We had barely gotten started and Astrid was already done with cross country skiing. “I hate this!” she yelled in frustration, her long, narrow skis and poles splayed in four different directions as she slid slowly backwards down the hill. I was about to launch into another explanation of how to go uphill on cross country skis, when two men came along and offered my twelve year-old daughter the same advice I had been giving her, albeit with a tad more patience than I could muster at this point. Their words of wisdom — or more likely the prospect of public humiliation — did the trick, as Astrid finally managed to angle her skis in a wide v-shape and ascend, one slow and exhausting v at a time, to the top of the hill. The herring-bone technique, it then occurred to me, was probably one of those things a tween-age girl is better off learning from a stranger, or at least from someone other than her mother.
It was the last day of our family’s annual mid-February ski vacation at Snowmass, and Astrid had decided to forego a day of downhill with her father and younger sister to join me and some friends at Ashcroft, a cross country skiing area about twelve miles north of Aspen, in the remote upper reaches of the White River National Forest’s Castle Creek Valley. With thirty-five kilometers of groomed trails winding through a 600-acre winter wonderland of snow-blanketed woods, meadows and the creaking wooden remains of a turn-of-the-century silver mining ghost town, Ashcroft is one of the best, and possibly most beautiful, places for cross country skiing in Colorado. For me, this was heaven. Whether my downhill-loving daughter could learn to appreciate the more low-key pleasures of Nordic skiing remained to be seen.
After Astrid caught her breath and her cheeks faded from red to rosy, we skied onward through the evergreens, with icy Castle Creek to our left and the worst of the hills behind us. Soon the forest opened up to a wide, sun-blasted meadow, the snow blindingly bright and sparkling. Framed by the frosted peaks of the Elk Mountain Range and a deep blue sky, this was winter at its finest. Falling into a smooth and steady rhythm, we glided along together, Astrid smiling and nodding wordlessly in response to my repeated exclamations of “isn’t this beautiful!” While she might not yet share my love of cross country skiing, I was pretty sure she no longer hated it. And what’s more, she even seemed to be enjoying herself.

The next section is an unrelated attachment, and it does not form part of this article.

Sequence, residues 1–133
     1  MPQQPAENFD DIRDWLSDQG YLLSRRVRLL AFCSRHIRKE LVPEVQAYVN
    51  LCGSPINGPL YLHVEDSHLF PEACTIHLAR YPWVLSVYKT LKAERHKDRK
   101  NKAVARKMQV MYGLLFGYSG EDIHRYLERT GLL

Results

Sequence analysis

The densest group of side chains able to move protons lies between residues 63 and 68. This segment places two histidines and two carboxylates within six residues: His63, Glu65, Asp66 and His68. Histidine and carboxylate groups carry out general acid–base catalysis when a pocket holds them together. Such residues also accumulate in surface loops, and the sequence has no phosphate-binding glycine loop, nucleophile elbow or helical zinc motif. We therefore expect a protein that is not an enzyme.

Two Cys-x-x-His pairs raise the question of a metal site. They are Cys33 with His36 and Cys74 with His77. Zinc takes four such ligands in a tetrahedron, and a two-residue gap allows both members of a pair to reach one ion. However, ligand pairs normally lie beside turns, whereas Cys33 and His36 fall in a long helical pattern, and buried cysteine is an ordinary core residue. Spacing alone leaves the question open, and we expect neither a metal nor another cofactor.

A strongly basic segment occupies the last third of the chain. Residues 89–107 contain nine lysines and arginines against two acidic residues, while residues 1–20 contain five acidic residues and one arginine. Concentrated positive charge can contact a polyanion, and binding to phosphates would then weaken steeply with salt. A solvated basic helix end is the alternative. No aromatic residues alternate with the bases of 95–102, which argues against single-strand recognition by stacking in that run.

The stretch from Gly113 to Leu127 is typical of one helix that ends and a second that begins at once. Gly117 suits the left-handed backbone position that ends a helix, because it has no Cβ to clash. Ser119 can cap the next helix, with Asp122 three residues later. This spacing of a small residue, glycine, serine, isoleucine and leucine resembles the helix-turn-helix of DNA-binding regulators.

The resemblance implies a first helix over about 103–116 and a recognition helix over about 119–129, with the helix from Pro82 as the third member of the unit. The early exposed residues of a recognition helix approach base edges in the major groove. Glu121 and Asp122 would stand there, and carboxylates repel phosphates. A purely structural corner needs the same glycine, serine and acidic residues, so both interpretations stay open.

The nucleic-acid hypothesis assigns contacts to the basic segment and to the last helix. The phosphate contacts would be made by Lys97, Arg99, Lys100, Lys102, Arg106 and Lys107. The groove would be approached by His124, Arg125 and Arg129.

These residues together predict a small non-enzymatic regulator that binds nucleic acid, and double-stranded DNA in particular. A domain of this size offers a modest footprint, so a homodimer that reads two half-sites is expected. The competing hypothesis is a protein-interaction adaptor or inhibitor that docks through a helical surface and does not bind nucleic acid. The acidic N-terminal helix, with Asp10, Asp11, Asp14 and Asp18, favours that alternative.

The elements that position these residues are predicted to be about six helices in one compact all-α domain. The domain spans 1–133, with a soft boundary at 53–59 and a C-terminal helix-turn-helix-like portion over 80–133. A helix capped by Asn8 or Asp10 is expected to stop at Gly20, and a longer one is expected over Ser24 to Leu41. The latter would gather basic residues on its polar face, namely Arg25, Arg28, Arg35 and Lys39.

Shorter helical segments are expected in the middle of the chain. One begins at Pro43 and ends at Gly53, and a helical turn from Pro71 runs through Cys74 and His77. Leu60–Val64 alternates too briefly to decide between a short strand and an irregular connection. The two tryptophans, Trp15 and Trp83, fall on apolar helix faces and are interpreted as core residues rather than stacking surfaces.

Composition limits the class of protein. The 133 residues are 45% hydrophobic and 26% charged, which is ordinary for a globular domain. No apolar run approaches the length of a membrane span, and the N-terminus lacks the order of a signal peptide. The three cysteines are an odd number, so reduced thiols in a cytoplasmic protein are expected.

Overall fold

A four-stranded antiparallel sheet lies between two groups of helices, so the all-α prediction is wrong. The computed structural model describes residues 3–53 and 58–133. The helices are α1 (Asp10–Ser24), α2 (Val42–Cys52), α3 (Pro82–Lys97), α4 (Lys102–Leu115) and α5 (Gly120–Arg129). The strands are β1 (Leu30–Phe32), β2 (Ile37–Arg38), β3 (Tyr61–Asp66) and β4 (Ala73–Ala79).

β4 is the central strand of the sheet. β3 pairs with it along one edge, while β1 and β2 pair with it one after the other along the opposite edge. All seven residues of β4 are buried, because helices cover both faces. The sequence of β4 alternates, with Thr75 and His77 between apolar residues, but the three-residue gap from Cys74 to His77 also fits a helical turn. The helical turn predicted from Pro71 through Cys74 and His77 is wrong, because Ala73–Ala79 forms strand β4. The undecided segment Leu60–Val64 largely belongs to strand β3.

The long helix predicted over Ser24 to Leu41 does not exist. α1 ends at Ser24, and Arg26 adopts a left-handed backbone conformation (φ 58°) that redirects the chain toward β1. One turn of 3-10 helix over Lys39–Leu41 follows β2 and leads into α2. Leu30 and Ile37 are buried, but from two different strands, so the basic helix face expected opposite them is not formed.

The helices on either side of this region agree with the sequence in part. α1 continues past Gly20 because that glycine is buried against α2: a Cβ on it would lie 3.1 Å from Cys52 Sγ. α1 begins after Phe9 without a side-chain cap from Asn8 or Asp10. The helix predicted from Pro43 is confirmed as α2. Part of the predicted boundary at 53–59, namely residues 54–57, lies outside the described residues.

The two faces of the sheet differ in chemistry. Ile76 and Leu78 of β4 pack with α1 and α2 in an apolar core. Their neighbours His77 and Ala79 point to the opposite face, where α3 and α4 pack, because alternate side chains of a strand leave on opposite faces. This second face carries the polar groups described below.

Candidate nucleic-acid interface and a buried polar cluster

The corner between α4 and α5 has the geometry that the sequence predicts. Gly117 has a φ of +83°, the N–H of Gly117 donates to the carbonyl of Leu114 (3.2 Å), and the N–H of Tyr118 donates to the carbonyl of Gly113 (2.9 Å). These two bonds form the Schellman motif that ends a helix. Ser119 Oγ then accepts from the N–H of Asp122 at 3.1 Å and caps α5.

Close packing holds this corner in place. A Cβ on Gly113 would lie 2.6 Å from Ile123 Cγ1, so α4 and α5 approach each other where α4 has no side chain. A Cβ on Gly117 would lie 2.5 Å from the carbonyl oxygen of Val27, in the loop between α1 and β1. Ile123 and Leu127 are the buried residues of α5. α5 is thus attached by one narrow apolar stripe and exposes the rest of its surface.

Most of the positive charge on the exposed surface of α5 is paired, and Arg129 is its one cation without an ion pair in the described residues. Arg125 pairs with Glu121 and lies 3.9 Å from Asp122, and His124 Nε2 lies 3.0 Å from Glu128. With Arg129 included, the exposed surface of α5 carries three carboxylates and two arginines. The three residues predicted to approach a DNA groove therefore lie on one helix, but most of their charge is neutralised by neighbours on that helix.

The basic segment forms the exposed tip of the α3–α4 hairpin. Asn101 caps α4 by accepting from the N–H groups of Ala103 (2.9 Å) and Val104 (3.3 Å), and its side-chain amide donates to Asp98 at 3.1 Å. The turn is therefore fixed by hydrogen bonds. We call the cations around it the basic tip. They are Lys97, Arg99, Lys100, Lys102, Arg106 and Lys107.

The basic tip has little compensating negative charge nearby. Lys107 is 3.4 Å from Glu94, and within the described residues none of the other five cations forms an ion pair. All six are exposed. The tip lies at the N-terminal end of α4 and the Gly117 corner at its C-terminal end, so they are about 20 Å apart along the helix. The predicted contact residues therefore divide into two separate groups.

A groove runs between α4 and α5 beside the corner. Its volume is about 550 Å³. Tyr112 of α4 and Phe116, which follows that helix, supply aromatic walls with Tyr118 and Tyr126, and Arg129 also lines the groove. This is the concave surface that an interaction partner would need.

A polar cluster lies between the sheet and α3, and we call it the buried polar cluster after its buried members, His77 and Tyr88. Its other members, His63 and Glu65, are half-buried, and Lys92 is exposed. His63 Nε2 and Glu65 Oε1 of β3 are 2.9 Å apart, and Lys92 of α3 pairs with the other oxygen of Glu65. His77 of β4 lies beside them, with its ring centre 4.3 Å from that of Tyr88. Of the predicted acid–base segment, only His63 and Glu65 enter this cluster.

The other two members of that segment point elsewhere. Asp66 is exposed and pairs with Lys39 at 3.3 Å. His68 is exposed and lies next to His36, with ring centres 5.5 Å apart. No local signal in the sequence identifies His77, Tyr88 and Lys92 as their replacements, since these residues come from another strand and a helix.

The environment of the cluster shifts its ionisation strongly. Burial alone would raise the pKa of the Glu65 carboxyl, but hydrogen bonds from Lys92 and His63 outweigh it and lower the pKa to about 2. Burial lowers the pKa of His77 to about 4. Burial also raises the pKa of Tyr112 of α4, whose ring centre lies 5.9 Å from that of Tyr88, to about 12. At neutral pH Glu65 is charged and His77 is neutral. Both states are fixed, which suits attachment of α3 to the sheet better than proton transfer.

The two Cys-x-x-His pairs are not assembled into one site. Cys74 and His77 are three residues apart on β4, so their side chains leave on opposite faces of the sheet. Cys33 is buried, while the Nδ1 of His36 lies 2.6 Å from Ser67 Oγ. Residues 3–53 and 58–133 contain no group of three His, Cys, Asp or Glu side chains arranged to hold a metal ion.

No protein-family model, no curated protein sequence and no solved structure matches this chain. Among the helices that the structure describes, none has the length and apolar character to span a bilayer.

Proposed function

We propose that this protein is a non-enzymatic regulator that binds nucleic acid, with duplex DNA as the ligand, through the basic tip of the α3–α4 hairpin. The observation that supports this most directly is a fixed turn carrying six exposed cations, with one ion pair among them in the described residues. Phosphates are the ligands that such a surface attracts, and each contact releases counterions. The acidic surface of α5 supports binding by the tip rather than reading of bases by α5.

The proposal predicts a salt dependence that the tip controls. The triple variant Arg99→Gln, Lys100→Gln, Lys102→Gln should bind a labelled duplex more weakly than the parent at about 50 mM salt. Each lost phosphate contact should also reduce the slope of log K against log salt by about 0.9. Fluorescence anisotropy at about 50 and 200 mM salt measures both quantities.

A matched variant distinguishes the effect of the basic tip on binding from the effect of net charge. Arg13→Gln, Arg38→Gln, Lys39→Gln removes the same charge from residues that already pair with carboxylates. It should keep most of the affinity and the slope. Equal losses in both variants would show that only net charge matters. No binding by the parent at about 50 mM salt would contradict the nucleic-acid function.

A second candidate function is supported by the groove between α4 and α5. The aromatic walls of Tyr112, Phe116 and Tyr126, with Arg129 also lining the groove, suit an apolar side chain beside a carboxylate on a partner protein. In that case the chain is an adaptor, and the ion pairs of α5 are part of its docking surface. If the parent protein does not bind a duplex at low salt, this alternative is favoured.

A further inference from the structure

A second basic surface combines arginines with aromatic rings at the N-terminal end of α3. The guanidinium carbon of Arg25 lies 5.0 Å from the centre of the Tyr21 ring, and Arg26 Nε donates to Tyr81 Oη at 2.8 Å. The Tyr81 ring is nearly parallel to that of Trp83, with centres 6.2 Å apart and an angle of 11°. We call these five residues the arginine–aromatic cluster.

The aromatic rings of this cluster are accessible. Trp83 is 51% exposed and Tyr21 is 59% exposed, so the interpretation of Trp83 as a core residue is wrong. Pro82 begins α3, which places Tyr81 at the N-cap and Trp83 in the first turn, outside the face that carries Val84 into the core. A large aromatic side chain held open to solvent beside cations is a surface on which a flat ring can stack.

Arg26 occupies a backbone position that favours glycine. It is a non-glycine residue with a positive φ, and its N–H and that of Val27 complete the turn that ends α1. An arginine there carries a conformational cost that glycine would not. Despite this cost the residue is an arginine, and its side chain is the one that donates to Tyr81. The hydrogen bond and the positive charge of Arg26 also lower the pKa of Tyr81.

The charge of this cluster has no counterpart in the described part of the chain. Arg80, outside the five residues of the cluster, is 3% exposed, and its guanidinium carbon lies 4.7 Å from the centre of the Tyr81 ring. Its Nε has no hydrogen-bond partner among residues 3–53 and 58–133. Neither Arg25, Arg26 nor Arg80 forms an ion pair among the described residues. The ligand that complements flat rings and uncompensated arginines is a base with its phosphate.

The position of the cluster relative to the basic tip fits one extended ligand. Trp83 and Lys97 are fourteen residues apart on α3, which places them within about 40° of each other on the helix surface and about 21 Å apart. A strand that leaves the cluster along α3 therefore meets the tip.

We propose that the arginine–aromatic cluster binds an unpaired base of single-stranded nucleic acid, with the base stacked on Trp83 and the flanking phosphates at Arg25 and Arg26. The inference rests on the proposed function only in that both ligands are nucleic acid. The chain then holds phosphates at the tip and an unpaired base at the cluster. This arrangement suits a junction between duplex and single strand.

Our friends Lisa and Scott, who had taken a trail better suited to towing their seven-month old baby, Will, behind them in a sled, were waiting for us when we later arrived at the Pine Creek Cookhouse. Offering gourmet “mountain cuisine,” cozy log cabin ambiance complete with elk antler chandeliers and crackling wood stoves, as well as the same spectacular views we’d enjoyed on our way there, the Pine Creek Cookhouse is generally booked solid for both lunch and dinner. Diners can make their way there on skis, snow shoes or by horse drawn sleigh, a couple of which were parked outside when we turned up.
Given that we didn’t have a reservation, having planned only to meet here and maybe order some hot chocolate at the bar, I was surprised to see that our friends had managed to get a table. And it was a good thing, as we had all worked up too much of an appetite to get by on the apples and granola bars we’d brought along with us for lunch. With Will holding court in his high chair, we went on to enjoy a wonderful meal, made all the more delicious by the unexpected nature of it. Lisa’s smoked trout plate and my mushroom and spinach crepes were especially memorable.
Our stomachs full and spirits high, we retrieved our skis from the rack outside the restaurant and loaded baby Will back into his sled. Gazing wistfully north, I wished we could continue deeper into the Castle Creek Valley and explore more of Ashcroft’s magnificent terrain, as Lisa and I had done on a previous visit. But the sun had already begun to drop behind the mountains and I didn’t want to push my luck with Astrid, so off we went in the direction of the car.
Hanging back to take a few photos, I watched my daughter glide confidently through the silvery aspens, noticing how far she had come since our cross country adventure began. Downhill, she later admitted, was still her favorite kind of skiing, but she’d had a great day at Ashcroft, and like me, hoped to return.